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Boris Karloff stars as the screen's most memorable monster in what many consider to be the greatest horror film ever made. Dr. Frankenstein (Colin Clive) dares to tamper with life and death by creating a human monster (Karloff) out of lifeless body parts. It's director James Whale's adaptation of the Mary Shelley novel blended with Karloff's compassionate portrayal of a creature groping for identity that makes Frankenstein a masterpiece not only of the genre, but for all time.
"It's alive! Alive!" shouts Colin Clive's triumphant Dr. Frankenstein as electricity buzzes over the hulking body of a revived corpse. "In the name of God now I know what it's like to be God!" For years unheard, this line has been restored, along with the legendary scene of the childlike monster tossing a little girl into a lake, in James Whale's Frankenstein, one of the most famous and influential horror movies ever made. Coming off the tremendous success of Dracula, Universal assigned sophomore director Whale to helm an adaptation of Mary Shelley's famous novel with Bela Lugosi as the monster. When Lugosi declined the role, Whale cast the largely unknown character actor Boris Karloff and together with makeup designer Jack Pierce they created the most memorable monster in movie history: a towering, lumbering creature with sunken eyes, a flat head, and a jagged scar running down his forehead. Whale and Karloff made this mute, misunderstood brute, who has the brain of a madman (the most obvious of the many liberties taken with Shelley's story), the most pitiable freak of nature to stumble across the screen. Clive's Dr. Frankenstein is intense and twitchy and Dwight Frye set the standard for mad-scientist sidekicks as the wild-eyed hunchback assistant. Whale's later films, notably the spooky spoof The Old Dark House and the deliriously stylized sequel The Bride of Frankenstein, display a surer cinematic hand than seen here and add a subversive twist of black comedy, but given the restraints of early sound films, Whale breaks the film free from static stillness and adorns it with striking design and expressionist flourishes. --Sean Axmaker --This text refers to an out of print or unavailable edition of this title.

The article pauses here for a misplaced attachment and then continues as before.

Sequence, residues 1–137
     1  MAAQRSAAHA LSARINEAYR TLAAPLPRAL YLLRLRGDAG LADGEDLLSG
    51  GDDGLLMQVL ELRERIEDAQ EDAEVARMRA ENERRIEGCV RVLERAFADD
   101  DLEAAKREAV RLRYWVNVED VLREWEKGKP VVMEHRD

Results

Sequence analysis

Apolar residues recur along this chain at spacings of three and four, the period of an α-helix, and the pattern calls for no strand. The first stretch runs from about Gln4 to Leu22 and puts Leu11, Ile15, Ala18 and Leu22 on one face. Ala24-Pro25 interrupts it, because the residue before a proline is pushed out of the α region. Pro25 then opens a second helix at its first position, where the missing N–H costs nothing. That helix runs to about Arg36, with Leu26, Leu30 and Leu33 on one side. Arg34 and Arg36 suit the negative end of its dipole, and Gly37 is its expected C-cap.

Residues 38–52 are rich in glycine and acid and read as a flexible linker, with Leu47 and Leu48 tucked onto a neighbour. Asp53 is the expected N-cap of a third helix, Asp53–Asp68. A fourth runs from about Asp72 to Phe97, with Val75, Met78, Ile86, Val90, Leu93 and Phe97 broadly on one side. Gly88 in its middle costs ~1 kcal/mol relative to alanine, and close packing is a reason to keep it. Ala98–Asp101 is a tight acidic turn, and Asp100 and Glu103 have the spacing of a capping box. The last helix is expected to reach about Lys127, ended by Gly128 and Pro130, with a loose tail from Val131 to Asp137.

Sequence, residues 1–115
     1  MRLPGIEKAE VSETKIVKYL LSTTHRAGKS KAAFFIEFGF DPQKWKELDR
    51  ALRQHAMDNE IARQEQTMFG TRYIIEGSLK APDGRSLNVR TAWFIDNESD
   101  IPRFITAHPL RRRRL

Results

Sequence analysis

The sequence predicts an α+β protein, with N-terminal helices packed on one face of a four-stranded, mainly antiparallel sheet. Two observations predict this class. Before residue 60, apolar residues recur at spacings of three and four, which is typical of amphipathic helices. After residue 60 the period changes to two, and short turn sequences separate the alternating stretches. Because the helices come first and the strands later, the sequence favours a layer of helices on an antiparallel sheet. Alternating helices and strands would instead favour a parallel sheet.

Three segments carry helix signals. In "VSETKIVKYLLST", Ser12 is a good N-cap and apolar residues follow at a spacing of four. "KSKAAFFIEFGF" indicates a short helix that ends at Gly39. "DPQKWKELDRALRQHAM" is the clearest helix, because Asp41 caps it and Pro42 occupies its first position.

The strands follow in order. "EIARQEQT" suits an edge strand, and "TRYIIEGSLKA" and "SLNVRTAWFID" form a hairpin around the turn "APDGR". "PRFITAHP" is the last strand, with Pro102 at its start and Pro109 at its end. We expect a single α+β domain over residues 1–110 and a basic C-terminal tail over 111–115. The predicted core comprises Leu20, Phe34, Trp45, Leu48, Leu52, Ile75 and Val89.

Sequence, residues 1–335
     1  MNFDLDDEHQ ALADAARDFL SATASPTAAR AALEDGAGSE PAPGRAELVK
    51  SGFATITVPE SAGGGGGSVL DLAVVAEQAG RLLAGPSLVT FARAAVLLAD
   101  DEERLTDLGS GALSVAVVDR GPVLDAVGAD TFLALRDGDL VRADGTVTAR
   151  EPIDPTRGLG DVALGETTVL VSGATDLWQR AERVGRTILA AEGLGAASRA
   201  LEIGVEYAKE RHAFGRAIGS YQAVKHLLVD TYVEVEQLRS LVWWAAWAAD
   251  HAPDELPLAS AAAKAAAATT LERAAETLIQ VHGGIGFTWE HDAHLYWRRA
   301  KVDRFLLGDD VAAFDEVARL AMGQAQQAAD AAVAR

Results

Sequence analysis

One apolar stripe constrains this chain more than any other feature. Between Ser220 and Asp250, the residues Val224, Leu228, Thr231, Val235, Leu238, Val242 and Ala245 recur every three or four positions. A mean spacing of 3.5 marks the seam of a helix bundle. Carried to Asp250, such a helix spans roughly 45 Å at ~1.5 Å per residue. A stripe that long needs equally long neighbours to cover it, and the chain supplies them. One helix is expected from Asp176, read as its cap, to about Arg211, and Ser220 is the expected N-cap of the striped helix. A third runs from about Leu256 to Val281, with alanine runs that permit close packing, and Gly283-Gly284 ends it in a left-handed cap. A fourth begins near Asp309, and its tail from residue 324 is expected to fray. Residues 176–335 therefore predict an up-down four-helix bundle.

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Top Customer Reviews
Colin Clive stars as Dr. Henry Frankenstein and Dwight Frye stars as his hunch-backed assistant Fritz. Dr. Frankenstein has taken to robbing graves in his effort to create his own human being. In his search for a human brain, Fritz inadvertantly steals a brain from an evil person. Frankenstein is unaware of this as he transplants the brain into his human. What results is Boris Karloff's monster. However, Frankenstein's monster isn't the "killing machine" that we see in today's horror movies. Rather, the monster seems to be searching for his own identity (witness the scene with the little girl near the river). The people of the town perceive him to be evil when perhaps he is merely searching for acceptance.
The acting in the movie is excellent. Colin Clive does a masterful job as Dr. Frankenstein, while Dwight Frye is excellent as Fritz. The scenework, such as the shots of Dr. Frankenstein's castle and the final scene at the windmill are captivating as well. I highly recommend this movie along with other classic horror movies of this time period. They will bring back memories of sitting around the TV on dark Saturday nights and jumping up from your seat at each scary scene.